Tomorrow in the Battle Think on Me

Front Cover
New Directions Publishing, 1997 - Fiction - 313 pages
16 Reviews

"No one ever suspects," begins Tomorrow in the Battle Think On Me, "that they might one day find themselves with a dead woman in their arms.... Marta has just met Victor when she invites him to dinner at her Madrid apartment while her husband is away on business. When her two-year-old son finally falls asleep, Marta and Victor retreat to the bedroom. Undressing, she feels suddenly ill; and in his arms, inexplicably, she dies.

What should Victor do? Remove the compromising tape from the phone machine? Leave food for the child, for breakfast? These are just his first steps, but he soon takes matters further; unable to bear the shadows and the unknowing, Victor plunges into dark waters. And Javier Marķas, Europe's master of secrets, of what lies reveal and truth may conceal, is on sure ground in this profound, quirky, and marvelous novel. "Brilliantly imagined and hugely intricate," as La Vanguardia noted, "it is a novel one reads with enormous pleasure."

  

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Review: Tomorrow in the Battle Think on Me

User Review  - Robert Wechsler - Goodreads

4.5. What struck me most in the first hundred pages is how the narrator stands aloof from what occurs and the people involved, describing and speculating with little knowledge. This is both very ... Read full review

Review: Tomorrow in the Battle Think on Me

User Review  - Renata Limon - Goodreads

Not as good as his others. A Heart So White probably the best. Read full review

Selected pages

Contents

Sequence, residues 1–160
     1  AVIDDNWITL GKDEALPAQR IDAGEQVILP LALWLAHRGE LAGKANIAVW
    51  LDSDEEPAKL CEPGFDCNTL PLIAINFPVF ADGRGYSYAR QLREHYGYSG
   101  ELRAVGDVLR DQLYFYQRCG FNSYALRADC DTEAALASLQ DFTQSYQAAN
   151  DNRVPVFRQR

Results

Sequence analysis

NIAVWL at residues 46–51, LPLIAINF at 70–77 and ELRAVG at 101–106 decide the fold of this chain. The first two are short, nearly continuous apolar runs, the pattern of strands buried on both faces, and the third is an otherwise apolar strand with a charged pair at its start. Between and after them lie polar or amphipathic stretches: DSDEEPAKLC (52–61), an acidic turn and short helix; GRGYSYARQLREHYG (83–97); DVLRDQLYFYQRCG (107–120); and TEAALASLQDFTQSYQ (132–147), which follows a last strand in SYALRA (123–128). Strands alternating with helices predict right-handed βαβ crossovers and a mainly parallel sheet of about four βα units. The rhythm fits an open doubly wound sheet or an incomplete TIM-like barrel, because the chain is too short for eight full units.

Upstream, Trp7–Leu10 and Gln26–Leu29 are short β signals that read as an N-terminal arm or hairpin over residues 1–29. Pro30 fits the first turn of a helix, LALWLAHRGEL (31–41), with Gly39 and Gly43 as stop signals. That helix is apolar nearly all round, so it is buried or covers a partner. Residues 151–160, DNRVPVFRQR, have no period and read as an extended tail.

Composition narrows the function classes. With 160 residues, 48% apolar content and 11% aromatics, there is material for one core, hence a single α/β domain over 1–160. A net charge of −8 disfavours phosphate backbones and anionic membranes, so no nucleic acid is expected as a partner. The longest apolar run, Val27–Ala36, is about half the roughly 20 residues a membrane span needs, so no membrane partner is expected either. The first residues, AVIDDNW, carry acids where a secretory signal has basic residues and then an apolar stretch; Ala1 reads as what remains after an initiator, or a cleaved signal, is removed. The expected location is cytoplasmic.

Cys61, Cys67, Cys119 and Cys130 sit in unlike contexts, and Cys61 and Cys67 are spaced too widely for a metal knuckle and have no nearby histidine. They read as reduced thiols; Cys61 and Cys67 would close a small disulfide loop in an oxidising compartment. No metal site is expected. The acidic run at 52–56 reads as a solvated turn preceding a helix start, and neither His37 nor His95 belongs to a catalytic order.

Section 1
3
Section 2
25
Section 3
59
Section 4
89
Section 5
107
Section 6
134
Section 7
166
Section 8
193
Section 9
224
Section 10
253
Section 11
271
Copyright

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About the author (1997)

Javier Marķas is an award-winning Spanish novelist. He is also a translator and columnist, as well as the current king of Redonda. He was born in Madrid in 1951 and published his first novel at the age of nineteen. He has held academic posts in Spain, the US (he was a visiting professor at Wellesley College) and Britain, as a lecturer in Spanish Literature at Oxford University. He has been translated into 34 languages, and more than six million copies of his books have been sold worldwide. In 1997 he won the Nelly Sachs Award; the Comunidad de Madrid award in 1998; in 2000 the Grinzane Cavour Award, the Alberto Moravia Prize, and the Dublin IMPAC Award. He also won the Spanish National Translation Award in 1979 for his translation of Tristram Shandy in 1979. He was a professor at Oxford University and the Complutense of Madrid. He currently lives in Madrid.

Margaret Jull Costa has translated into the English more than 35 books, including Nobel Laureate Jose Saramago's "All the Names" & "The Tale of the Unknown Island", Antonio Perez Reverte's "The Flander's Panel", Fernando Pessoa's Book of Disquiet" & Luisa Valenzuela's "Bedside Manners". She lives in London.

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